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From <de...@segel.com>
Subject RE: "generated by default" question
Date Thu, 29 Jun 2006 20:06:22 GMT

> -----Original Message-----
> From: Daniel John Debrunner [mailto:djd@apache.org]
> Sent: Thursday, June 29, 2006 1:37 PM
> To: Derby Discussion
> Subject: Re: "generated by default" question
>  --- derby@segel.com wrote:
> >>
> >> There is a very simple solution.
> [solution details snipped]
> >>
> >> This is the simplest solution, lowest cost solution,
> >> and doesn't violate the
> >> definition of an SQL sequence.
> Tthis solution creates a couple different
> problems that are probably unexpected by the user.
Not really.

You need to think this through...

First, lets all be clear that we're talking about creating a solution that
will work in the general case. No matter what solution is implemented,
someone, somewhere at some time will figure out a way to break it. Having
said that... the goal is to find a solution that will work in the general
case under reasonable circumstances.

The current implementation of an Identity column in Derby is really more
problematic in that for any insert on a table that has an identity column,
you have to then trap for the specific exception of a non unique value in
the identity index and then figure out your next move....
(Not a good idea.)
What are you going to do? 
In each program, write the logic to reset the sequence number? (NOT GOOD)
In each program, loop until you can successfully insert a row? (NOT GOOD)

> 1) An insert with a non-generated value near or at the
> end of the range of generated values will exhaust the
> generator much earlier, leading to failed inserts that
> would succeed under the current scheme.
> E.g. if the range of of the generator was 1-10
> and the CBV was 3, then inserting a non-generated
> value of 10 means that no more inserts with generated
> values would work. In the current scheme six more
> inserts would succed (4-9).
[mjs] Ok, I was working under the assumption that you couldn't set the max
value of the sequence within Derby. A simple fix would be to check for the
condition "if the inserted value is larger than the maximum allowable
sequence number, then ignore..." 

Thus in your example, nothing happens to the sequence if you insert a row
with a value > 10. 

But your case does bring up an important point.
The simple solution to guarantee a unique value will only work for the first
cycle.  This is true of IBM's IDS too. Using a Serial8, if you insert a row
with a value of 2^63 -1, then you've gone through the first cycle.

In your example, if you inserted a row at 10, then you've hit the last value
in the sequence and if you reset the sequence number, you're going to have

So in the real world, if you have an integer value for your sequence, you
will have the ability to insert a lot of rows prior to having a problem.
Sure, you can have a joker who throws out the 2^63 -1 number, but that is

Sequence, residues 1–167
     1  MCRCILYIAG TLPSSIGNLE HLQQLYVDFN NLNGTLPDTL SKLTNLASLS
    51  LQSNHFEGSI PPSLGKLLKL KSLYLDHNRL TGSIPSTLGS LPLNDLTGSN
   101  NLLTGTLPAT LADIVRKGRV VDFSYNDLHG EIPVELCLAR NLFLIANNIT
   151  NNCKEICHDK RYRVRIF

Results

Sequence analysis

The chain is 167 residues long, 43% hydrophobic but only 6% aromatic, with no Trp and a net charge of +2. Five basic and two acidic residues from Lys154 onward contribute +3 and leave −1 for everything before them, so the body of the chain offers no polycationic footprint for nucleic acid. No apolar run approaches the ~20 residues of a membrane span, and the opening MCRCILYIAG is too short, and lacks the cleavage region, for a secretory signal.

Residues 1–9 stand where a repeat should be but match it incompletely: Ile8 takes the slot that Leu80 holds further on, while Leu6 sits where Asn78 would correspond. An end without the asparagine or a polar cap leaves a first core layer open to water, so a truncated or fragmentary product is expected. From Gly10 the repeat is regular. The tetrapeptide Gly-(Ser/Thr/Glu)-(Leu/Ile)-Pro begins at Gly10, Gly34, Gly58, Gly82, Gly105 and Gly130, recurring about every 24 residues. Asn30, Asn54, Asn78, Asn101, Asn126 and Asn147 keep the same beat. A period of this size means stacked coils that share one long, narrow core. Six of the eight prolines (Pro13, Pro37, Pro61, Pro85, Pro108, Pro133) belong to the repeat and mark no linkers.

not the norm....

Remember we're looking for a solution that works best in most cases.

> 2) An insert with a a non-generated value that is
> subsequently deleted or updated before any insert with a
> generated value affects the generator when under the
> current scheme it would not. This will reduce the
> range of available values when there is no need to.
> E.g. if the range of of the generator was 1-10
> and the CBV was 3, then inserting a non-generated
> value of 10 means that no more inserts with generated
> values would work, even if the row with 10 is deleted
> before any other inserts occur. In the current scheme
> seven more inserts would succed (4-10).

Already solved your first example. Just reset the sequence if the row has a
value in the identity column between CBV and MAX. 
Oops! Guess that blows away your theory.

Of course you did point out another potential problem. What happens if you
update the value in the identity column. Again there you'd have to perform
the same check.

> So solved one scenario and caused (at least) two new ones.
> Dan.

Must be that "new math" that was hyped in the 80's and 90's at work...

The current implementation fails miserably. 

Suppose you create a table with an identity column and it has the "GENERATE
BY DEFAULT" option selected.

You insert rows 1... 10 using the default sequence generator. Next you have
someone inserting data from another source that already has values in the
identity column. Lets say starting at 100 and going all the way through

What happens when you want to use the sequence generator?
Well sure, you can now insert rows 11 through 99.
But then look what happens.
You then have to trap for the exception and retry to insert the row.
This has to be written in every single app that hits your database.

So if you have only 1 app hitting your database, it will be stuck trying to
insert a row in to the database for the 10,000 times trying to find a row.
(Now think about multiple apps. Lots of unnecessary overhead.)

Now that's really good logic at work.

Oh and what about having your app reset the sequence number after a failure?
Well, you run in to the same issue. You need to find the next available row.
There are a couple of ways, however my posted solution is the simplest and
fastest method. 

Hey don't take my word. Check out how other databases which are also SQL
compliant handle this.

The bottom line: If I can't trust Derby to auto generate a value and
successfully insert a row, then I can't rely on this function will not use

Seems to me, you're just too darn lazy to fix this bug.
(Note: IBM does sell support contracts for Derby/Cloudscape. If there is
anyone who has Cloudscape on their PPA, feel free to log a call with support
and make it a sev 1. ;-)

But hey! What do I know? 
I've been called a troll over this one. ;-)
Initial problem still exists. Proposed solution (with that mod) still holds


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